I haven’t started the bike again yet, I’m saving that for next week!

CB250RS Parts Transplant – Front Wheel Swap, Mufflers, Some Fiddly Bits, And Temporary Livery

I had a busy weekend reattaching things!

First  up, I wanted to swap out the front wheel as the tyre was quite flat, the spokes are rusty, and the brake disc looks almost as grooved as a record from the same era as the bike!

Fortunately the donor bike had a front wheel with a nice firm front tyre, very little rust on the spokes, and a brake disc in much better condition.

After removing the castle nut and split pin from the left side of the axle, I was a little puzzled as to how to removed the axle, as I hadn’t looked at the right side closely before. The axle is held onto the right fork with a similar type of bracket to those used to to hold the the handlebar to the triple tree and the  to hold  the master brake cylinder in place on the handlebar.

Once the bolts had been removed, it was remarkably easy to remove the wheel and axle

I removed the brake pads, as I was planning to transfer them to the other set of calipers along with the wheel.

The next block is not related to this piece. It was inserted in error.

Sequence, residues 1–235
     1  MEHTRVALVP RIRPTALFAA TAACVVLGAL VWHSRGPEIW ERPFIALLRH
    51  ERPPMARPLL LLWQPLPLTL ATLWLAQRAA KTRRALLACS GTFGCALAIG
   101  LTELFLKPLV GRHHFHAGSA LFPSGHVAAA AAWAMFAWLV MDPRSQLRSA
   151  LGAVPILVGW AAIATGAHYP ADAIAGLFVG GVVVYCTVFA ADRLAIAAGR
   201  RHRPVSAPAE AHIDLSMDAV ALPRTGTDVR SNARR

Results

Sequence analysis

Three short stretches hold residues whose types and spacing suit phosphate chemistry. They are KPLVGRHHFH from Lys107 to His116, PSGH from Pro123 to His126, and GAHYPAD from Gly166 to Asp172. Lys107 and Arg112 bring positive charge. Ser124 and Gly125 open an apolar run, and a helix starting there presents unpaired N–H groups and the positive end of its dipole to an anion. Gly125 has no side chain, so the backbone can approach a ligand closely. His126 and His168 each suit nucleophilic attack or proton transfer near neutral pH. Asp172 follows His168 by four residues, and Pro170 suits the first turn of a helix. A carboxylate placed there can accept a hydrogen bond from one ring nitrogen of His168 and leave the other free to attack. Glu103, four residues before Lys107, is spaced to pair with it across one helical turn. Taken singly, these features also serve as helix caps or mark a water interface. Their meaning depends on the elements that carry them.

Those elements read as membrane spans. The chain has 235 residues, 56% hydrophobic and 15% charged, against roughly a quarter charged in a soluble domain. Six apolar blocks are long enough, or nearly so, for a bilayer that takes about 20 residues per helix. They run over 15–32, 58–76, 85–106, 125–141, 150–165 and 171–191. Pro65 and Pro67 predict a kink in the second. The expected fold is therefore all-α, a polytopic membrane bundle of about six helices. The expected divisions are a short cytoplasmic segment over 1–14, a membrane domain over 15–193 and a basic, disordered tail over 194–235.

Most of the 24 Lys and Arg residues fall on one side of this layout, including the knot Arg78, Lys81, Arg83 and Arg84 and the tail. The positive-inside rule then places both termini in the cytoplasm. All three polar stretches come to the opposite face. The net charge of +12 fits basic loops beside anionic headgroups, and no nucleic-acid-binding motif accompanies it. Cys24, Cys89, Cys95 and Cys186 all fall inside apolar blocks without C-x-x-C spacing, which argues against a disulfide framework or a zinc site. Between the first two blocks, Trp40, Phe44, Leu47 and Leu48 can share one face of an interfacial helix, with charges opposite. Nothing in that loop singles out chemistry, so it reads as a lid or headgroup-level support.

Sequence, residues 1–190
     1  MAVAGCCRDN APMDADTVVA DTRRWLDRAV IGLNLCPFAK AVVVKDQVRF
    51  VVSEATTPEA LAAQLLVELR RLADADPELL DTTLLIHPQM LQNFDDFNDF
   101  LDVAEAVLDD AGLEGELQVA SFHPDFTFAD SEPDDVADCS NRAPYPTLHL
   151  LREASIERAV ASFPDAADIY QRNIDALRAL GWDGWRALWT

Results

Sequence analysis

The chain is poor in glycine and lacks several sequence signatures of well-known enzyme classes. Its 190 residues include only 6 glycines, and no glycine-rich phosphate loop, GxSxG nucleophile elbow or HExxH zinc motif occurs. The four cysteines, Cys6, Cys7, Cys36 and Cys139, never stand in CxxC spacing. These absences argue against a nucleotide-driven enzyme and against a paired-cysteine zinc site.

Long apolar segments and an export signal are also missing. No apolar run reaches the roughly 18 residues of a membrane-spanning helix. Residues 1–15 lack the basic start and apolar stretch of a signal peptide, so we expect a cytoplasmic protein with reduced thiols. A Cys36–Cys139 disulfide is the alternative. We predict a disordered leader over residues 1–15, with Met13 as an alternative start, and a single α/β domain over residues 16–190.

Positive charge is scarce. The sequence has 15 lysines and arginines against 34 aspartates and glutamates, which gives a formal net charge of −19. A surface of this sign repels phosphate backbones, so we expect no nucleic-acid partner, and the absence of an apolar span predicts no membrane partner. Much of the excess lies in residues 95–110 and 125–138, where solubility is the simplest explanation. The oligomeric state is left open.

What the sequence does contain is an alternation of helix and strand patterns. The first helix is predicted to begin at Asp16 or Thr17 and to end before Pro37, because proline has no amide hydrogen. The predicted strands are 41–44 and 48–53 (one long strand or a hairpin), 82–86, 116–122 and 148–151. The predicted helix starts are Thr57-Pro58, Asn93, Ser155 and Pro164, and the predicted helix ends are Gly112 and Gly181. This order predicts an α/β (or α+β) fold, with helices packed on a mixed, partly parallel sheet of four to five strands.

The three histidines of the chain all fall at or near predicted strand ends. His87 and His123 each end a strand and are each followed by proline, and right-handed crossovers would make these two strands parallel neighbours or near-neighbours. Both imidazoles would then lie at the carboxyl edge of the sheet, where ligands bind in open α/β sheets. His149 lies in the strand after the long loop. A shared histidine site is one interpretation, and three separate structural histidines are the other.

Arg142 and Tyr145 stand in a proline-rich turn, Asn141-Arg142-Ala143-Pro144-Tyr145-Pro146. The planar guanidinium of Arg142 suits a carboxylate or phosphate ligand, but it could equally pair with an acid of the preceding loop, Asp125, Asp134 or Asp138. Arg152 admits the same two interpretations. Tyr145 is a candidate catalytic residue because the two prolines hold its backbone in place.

Next it was time to remove the sub-par wheel and put it aside to think about what it had done

The front brake pad retaining pins had other ideas about my plan to replace the front brake pads, so I gave up on that for now. I applied a fresh coating of grease to the axle on the good wheel, maneuvered it into place and loosely fitted the castle nut.

After tightening the axle clamp on the right side, I secured the castle nut and replaced the split pin.

I cleaned up the spare speedo cable gear and found the speedo cable. The retaining screw was missing from the one I had fitted with the wheel, so I used the one from the spare.

Speedo cable fitted at both ends!

While I was concentrating on the clocks, I fitted the tacho cable too.